Rockville City Council Agenda: Productivity Report, Cost-Cutting and a Financial Advisory Board
Budget issues dominate the agenda, which also includes REDI board reappointments.
The budget takes center stage as a report on the productivity of city staff, a presentation on the implications of budget cost-cutting and a discussion of the creation of a Financial Advisory Board highlight the Rockville City Council’s agenda for Monday.
The council also is expected to reappoint five members to Rockville Economic Development Inc.’s board.
The council will hear a report on the productivity of city staff over the past five years.
Staff has served an increasingly large number of residents spread across expanding city limits, a staff report said. Rockville’s population grew from 47,388 to 61,209—a 29 percent increase—between 2000 and 2010, according to the report. The number of city employees increased from 376 to 413 (a 9.8 percent increase) during the same period.
“The city government has sought to maintain its workload with less workers per capita by increasing productivity through the use of new technologies, improved operational efficiencies and more strategic management,” the report said. “As the city continues to confront increasingly challenging fiscal circumstances, it is prudent to explore how much more productivity might be gained.
The 22-page report details several ways the city has done more with less, including:
- Adjusting part-time staff schedules at the Rockville Senior Center in 2010 to allow more weekend rentals of the facility. Rental revenue increased 105 percent, from $21,270 in 2010 to $44,630 in 2011.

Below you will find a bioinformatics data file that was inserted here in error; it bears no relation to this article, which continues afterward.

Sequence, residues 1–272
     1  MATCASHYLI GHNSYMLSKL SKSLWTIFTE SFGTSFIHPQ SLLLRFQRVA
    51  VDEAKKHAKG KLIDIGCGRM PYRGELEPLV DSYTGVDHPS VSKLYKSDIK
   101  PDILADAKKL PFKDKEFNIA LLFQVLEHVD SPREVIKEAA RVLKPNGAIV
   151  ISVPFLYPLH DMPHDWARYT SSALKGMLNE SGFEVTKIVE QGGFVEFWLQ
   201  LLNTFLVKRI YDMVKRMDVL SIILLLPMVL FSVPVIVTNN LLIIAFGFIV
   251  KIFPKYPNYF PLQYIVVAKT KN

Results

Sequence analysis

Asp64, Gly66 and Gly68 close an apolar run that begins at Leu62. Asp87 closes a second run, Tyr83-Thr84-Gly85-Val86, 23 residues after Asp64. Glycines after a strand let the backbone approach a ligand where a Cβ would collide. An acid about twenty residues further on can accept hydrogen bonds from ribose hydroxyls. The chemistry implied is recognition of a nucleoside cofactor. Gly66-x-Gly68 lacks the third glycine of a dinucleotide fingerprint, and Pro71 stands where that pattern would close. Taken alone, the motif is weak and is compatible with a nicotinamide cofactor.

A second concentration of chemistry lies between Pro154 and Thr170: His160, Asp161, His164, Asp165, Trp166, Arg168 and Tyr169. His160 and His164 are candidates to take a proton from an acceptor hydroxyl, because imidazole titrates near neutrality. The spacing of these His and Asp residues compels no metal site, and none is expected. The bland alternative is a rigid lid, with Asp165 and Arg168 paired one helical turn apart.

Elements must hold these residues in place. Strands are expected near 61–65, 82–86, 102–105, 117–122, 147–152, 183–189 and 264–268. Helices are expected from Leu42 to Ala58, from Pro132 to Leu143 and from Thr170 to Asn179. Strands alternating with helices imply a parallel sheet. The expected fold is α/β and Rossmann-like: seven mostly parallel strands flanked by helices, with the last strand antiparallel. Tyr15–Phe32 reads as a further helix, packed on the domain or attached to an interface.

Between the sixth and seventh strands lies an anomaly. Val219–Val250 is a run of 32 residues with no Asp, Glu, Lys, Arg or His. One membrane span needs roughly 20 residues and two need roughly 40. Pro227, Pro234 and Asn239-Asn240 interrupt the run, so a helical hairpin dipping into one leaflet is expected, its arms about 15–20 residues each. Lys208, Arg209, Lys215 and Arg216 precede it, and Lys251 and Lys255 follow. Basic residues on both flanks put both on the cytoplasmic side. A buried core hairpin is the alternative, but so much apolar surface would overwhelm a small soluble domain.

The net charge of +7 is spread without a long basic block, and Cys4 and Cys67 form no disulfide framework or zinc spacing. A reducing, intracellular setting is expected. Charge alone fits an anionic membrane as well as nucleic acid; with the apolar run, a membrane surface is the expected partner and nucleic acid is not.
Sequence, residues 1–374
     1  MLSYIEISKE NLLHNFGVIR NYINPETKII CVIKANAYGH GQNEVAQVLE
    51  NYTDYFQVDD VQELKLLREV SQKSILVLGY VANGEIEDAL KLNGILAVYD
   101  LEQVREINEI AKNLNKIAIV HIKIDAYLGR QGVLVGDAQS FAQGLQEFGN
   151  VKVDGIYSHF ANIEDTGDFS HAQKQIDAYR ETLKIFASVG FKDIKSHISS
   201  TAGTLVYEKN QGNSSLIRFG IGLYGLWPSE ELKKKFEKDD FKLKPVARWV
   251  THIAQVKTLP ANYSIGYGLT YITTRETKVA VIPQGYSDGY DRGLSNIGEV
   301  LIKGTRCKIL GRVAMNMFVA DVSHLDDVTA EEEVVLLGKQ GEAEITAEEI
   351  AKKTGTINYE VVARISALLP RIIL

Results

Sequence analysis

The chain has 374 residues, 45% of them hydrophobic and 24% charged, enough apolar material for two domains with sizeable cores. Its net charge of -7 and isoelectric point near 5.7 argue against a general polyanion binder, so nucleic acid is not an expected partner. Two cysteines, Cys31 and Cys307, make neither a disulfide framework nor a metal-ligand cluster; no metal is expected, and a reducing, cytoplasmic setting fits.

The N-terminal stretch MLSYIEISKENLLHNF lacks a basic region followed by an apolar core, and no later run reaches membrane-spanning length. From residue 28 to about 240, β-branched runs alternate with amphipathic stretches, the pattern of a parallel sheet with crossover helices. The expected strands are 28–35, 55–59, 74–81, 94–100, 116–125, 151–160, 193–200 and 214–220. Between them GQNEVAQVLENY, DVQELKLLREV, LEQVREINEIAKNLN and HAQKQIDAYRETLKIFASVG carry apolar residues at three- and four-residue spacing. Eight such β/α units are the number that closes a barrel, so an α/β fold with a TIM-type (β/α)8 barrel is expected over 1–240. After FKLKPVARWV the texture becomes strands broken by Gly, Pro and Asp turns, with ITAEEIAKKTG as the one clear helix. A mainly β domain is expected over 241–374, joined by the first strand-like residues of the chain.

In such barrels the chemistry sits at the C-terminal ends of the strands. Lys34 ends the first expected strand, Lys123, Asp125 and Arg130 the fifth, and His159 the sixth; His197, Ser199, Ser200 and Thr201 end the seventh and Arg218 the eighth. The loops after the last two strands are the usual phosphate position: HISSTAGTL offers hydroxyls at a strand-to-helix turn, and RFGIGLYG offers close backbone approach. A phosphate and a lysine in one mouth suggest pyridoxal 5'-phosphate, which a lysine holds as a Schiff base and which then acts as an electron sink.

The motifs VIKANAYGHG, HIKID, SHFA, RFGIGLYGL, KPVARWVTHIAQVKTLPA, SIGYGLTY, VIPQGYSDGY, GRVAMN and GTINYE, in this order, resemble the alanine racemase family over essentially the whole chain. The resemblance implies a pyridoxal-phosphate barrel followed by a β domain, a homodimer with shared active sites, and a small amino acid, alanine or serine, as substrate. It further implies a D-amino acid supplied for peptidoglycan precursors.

- Expanding staff duties, increasing fees, revamping policies and launching a new marketing plan at the Rockville Civic Center Park between 2007 and 2011, which resulted in a revenue increase of 12 percent ($91,000) over three years.
The report also identifies ways the city can further increase productivity, including a program for bridge inspection and maintenance, improved workforce management practices and better use of technology, such as considering more widespread use of solar energy systems at city facilities.
Budget cost cutting
The council’s latest look at the budget includes a presentation by city staff on just what it means to cut costs.
“In the context of local government, cutting costs means making choices and prioritizing spending amongst competing interests,” staff wrote in a report. “These choices are usually pitted against raising taxes and fees so that taxpayers and users of services will pay more to maintain the same level of programs and services.”
City budget numbers for fiscal 2014, which begins July 1, underscore the urgency of such choices by the council.
“Staff estimates that general fund expenditures will exceed revenues by at least $2.6 million if the real property tax rate is not increased,” the report said. “If the rate is not increased, the city will face serious reductions in programs and service levels.”
In the report, staff recommends several questions for the council to consider, including:
- Do residents have the ability and willingness to pay for the current level of programs and services?
- What are the highest priority programs and services for city residents and how many residents view each program and service as a high priority?
- Can the program or service be provided by another governmental entity or the private sector?
- If a program or service is reduced or eliminated, what is the impact on the city's residents?
The council is expected to approve the fiscal 2014 budget in May.
Upcoming budget discussions include:
- Dec. 17: City contracting.
- Jan. 7: Costs and revenues associated with new development.
Financial Advisory Board
The council also will continue a discussion on a proposal by Councilwoman Bridget Donnell Newton to increase citizen input on the city’s budget and finances by creating a Financial Advisory Board.
A Finance and Budget Task Force led by Councilman Mark Pierzchala delivered a report to the council in September, 2010 that included 57 recommendations for better formulating the city’s budget. Since then, council members have considered establishing a permanent version of the task force.